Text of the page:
China’s Uyghur Forced Labor Allegations Present ESG and Supply Chain Case Study

February 18, 2021

Constant international news of forced labor and other human rights abuses in the Xinjiang region of China provide companies with a valuable case study on the intersection of employee-voice protests, ESG, and investor activism.      
Supply chain management and its intersection with human rights violations has long been a focus point for global companies with global-reaching supply chains to make sure all levels of the supply chain are free from human rights abuses.  However, more recently, this component has been picked up as a core part of ESG by investor groups.  
Around seven or eight years ago there was a major shift in the strategy by advocate groups, like the Better Cotton Initiative (more on that below), in influencing companies.  Prior to this shift, these groups would work to influence the company directly.  However, the shift saw resources pushed to influence investors, which, in theory, would turn and influence the companies in which they own shares.  The strategy has been very effective.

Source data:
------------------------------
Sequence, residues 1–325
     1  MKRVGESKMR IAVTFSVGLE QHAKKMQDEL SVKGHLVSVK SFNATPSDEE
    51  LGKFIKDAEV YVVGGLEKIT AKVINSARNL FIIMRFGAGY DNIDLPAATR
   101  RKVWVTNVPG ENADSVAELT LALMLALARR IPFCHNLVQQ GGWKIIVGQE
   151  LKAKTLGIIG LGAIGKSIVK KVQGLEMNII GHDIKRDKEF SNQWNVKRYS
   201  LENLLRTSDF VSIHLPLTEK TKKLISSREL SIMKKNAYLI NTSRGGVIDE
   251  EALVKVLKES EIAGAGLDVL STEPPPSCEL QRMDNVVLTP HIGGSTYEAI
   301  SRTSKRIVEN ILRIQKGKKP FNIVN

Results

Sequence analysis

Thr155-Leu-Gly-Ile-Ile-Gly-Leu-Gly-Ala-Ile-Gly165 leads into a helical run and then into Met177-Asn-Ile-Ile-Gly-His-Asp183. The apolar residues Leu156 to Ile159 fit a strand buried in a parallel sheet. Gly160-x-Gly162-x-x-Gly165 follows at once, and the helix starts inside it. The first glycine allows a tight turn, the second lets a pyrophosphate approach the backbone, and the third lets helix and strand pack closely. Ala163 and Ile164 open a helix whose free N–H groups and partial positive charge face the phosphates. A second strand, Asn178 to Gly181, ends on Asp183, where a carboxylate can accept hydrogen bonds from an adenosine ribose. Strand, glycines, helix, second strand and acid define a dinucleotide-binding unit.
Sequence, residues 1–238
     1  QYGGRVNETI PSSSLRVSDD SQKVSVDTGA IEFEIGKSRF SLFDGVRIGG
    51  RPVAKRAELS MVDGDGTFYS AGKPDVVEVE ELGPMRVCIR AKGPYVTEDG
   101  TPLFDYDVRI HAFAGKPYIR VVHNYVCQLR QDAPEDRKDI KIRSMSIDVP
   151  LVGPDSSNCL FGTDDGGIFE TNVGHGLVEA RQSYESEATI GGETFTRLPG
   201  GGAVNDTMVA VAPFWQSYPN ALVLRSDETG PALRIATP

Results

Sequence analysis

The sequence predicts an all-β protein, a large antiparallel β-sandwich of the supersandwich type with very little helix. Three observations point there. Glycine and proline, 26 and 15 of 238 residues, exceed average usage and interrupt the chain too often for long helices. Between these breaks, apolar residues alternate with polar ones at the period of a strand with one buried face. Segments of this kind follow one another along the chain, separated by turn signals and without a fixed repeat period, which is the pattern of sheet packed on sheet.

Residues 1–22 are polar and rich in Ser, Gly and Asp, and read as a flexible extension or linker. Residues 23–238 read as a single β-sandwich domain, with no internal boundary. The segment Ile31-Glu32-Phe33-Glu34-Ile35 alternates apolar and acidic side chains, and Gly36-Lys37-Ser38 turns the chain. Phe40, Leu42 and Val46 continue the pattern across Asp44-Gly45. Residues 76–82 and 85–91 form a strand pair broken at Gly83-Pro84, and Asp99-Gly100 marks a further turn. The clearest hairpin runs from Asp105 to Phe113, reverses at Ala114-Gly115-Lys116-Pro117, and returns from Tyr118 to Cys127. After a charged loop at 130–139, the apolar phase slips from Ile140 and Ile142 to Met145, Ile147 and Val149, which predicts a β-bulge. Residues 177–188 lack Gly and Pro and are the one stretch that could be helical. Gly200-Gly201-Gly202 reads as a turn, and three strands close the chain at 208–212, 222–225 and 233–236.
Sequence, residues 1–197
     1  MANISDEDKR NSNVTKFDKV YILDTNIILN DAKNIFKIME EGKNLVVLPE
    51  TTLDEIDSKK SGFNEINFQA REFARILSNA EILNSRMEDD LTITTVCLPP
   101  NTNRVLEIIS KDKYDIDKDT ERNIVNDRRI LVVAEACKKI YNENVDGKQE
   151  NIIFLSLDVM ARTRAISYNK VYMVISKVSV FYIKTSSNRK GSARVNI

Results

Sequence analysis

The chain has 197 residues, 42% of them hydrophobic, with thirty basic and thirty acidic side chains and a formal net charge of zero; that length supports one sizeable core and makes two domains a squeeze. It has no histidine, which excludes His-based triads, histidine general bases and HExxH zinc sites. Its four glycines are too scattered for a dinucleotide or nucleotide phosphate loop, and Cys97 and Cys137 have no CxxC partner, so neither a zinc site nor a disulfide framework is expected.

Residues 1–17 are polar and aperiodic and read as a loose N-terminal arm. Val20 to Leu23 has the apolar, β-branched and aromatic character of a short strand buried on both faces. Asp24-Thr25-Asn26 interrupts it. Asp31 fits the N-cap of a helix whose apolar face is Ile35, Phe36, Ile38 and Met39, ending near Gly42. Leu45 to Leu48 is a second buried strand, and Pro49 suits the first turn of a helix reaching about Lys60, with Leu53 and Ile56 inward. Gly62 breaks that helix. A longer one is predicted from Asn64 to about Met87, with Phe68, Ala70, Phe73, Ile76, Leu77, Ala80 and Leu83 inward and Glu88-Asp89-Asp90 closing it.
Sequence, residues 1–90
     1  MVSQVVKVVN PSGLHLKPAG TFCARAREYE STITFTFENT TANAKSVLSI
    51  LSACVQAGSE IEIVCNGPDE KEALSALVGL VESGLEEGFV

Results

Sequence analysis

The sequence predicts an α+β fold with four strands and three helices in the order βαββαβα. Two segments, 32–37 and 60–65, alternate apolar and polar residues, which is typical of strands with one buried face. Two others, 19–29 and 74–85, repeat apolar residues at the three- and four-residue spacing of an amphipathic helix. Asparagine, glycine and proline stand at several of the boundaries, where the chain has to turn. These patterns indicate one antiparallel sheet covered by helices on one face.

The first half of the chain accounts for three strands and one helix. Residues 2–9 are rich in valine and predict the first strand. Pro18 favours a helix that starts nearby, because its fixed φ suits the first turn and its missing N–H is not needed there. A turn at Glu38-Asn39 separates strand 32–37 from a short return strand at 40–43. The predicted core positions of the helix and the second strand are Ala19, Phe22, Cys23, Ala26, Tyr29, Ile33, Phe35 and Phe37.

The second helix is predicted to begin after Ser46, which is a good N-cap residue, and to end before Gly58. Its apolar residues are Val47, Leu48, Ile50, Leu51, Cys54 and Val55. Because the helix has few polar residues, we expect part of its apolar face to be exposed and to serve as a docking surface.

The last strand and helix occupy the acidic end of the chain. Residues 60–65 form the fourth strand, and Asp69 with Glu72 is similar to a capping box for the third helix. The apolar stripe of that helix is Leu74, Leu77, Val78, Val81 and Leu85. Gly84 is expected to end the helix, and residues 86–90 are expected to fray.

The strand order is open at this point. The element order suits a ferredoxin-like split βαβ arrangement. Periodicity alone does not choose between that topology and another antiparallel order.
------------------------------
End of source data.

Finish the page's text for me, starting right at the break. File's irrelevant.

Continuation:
In this scenario, ESG-oriented investor groups are highlighting the accused human rights violations in Uyghur China as a violation of the core tenants of ESG principles.  As is detailed in an article in Responsible Investor, “investors have in general avoided challenging global brands aggressively on their China supply chain violations.”  The article urges investors to do the opposite – put the heat on global brands to make sure that supply chain arrangements – and here, specifically, business dealings in China – are free from the accused human rights abuses.  Companies need to be prepared for the possibility that their investors push for information and disclosure of supply chain and human rights practices broadly, as well as specific policies or issues around problematic areas like this scenario in China.  
Companies also need to be aware of other non-profit sustainability, advocacy groups and social media campaigns which can target them for supply chain issues.  Employees and other groups, like the above-mentioned Better Cotton Initiative can take steps to draw attention to supply chain and human rights abuses and can do so quickly.  Companies should be prepared to address problematic areas, like in Xinjiang Uyghur proactively to help set discussions.